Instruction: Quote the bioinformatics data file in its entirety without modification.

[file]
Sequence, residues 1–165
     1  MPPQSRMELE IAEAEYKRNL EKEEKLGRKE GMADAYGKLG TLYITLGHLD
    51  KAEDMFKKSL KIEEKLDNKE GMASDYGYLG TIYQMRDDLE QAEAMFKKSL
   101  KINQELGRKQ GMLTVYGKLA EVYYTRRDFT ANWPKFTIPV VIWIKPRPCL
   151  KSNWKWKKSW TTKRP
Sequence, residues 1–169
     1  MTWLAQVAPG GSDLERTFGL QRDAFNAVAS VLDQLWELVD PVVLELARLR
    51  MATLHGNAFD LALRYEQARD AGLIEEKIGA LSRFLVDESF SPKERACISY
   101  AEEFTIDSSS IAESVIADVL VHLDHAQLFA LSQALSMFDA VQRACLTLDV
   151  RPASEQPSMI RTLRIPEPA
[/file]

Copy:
Sequence, residues 1–165
     1  MPPQSRMELE IAEAEYKRNL EKEEKLGRKE GMADAYGKLG TLYITLGHLD
    51  KAEDMFKKSL KIEEKLDNKE GMASDYGYLG TIYQMRDDLE QAEAMFKKSL
   101  KINQELGRKQ GMLTVYGKLA EVYYTRRDFT ANWPKFTIPV VIWIKPRPCL
   151  KSNWKWKKSW TTKRP
Sequence, residues 1–169
     1  MTWLAQVAPG GSDLERTFGL QRDAFNAVAS VLDQLWELVD PVVLELARLR
    51  MATLHGNAFD LALRYEQARD AGLIEEKIGA LSRFLVDESF SPKERACISY
   101  AEEFTIDSSS IAESVIADVL VHLDHAQLFA LSQALSMFDA VQRACLTLDV
   151  RPASEQPSMI RTLRIPEPA